RADIATION PROTECTION ADVISER SERVICES
Why do I need a Radiation Protection Adviser?
Because the Ionising Radiations Regulations say you do! – the law is very clear on this issue.
All employers that use ionising radiations are required to at least consult with an RPA to discuss radiation safety. Almost all will in fact require an RPA to give them the advice they need to fully comply with the
The RPA must hold a valid certificate of competence to practice from a certificating body and be suitable to advise you in your specific area of work.
Advise the employer as to the precise requirements of the Acts and Regulations;
Assist in the production of risk assessments prior to starting work with ionising radiation;
Audit local procedures and documentation to check they are adequate;
Assist in the production of, or improvement to, the necessary documentation;
Assist the employer in implementing appropriate work practices;
Liaise with other professionals regarding the introduction of new equipment, premises or uses of ionising radiation.
Advise about disposals of radioactive sources and X-Ray equipment
What are the key Regulations?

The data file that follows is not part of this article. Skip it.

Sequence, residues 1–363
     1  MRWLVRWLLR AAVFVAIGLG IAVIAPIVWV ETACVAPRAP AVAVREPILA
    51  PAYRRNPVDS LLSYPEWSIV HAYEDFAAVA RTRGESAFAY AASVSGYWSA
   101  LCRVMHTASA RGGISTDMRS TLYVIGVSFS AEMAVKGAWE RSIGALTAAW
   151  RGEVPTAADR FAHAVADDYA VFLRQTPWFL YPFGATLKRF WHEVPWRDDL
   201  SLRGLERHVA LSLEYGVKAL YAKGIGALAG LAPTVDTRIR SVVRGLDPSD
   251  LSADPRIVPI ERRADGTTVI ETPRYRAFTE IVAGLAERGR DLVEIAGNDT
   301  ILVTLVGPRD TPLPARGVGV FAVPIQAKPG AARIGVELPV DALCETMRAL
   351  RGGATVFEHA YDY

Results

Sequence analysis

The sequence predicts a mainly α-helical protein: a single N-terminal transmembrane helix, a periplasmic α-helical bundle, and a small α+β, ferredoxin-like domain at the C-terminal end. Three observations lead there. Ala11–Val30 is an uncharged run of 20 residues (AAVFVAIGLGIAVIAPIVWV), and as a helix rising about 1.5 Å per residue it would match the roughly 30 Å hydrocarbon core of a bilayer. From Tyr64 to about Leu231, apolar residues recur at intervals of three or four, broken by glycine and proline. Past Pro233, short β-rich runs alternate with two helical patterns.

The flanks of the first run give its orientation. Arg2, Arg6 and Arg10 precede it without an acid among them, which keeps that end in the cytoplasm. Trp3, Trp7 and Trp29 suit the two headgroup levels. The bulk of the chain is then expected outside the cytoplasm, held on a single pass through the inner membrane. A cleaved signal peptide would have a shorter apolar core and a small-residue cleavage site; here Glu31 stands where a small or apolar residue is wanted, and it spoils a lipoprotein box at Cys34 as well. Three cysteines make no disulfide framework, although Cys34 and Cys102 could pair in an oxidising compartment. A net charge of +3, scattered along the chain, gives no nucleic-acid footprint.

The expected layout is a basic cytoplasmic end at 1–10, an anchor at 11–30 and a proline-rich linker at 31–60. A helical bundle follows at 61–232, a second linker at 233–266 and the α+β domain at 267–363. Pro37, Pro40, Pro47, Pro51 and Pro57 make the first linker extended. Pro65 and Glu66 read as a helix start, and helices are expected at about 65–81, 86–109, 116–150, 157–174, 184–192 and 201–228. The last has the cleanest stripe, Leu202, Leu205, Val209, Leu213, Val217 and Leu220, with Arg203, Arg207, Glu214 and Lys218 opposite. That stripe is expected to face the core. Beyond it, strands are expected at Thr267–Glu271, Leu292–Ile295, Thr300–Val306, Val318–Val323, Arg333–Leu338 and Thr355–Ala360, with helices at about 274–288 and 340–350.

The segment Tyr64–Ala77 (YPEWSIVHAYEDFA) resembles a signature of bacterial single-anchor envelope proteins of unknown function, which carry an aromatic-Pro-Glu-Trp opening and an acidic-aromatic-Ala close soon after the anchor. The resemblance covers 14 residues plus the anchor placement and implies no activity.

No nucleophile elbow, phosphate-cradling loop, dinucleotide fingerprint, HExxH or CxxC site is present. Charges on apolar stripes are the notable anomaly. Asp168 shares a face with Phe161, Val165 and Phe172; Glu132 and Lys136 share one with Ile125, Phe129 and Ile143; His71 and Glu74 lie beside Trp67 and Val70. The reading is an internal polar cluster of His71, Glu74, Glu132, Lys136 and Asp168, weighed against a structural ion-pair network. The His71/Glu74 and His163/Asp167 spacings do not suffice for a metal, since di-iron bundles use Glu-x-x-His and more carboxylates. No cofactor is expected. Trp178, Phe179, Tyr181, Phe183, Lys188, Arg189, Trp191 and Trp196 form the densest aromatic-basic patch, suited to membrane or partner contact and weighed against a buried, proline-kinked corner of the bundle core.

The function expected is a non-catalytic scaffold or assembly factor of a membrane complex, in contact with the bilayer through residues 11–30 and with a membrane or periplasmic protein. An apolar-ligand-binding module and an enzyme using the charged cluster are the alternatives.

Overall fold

Ionising Radiations Regulations 1999 (IRR99)
Salient points are:
Users of ionising radiation must ensure they have authorisation of their practices and notify the Health & Safety Executive of their intentions;
There must be a formal prior risk assessment of all uses of ionising radiation – this is seen as a key element of the Regulations;
Employers must ensure that employees radiation doses are as low as reasonably practicable, and in any case within certain dose limits;
Personal protective equipment that is fit for purpose must be used when appropriate;
Controls & safety devices must be subject to regular maintenance & testing, with full records being kept;
Contingency plans must be in place for all reasonably foreseeable accidents;
Most radiation employers need to appoint a suitable Radiation Protection Adviser, who must hold a certificate of competence from a certificating body to practice;
Employees must have appropriate information, instruction and training to enable them to do their job safely;
Areas where radiation doses are potentially more hazardous must be demarcated and subject to certain controls;
Local rules are required for those who work in those designated areas, and they may need the appointment of a Radiation Protection Supervisor to ensure local compliance with the Regulations;
Overexposures of staff must be notified to the Health & Safety Executive;
Sealed radioactive sources must be subject to regular leak testing;
Radioactive substances must be kept, moved, stored safely and adequately accounted for;
Manufacturers and installers of equipment must ensure it is subject to a critical examination of its function and safety, with regular QA thereafter.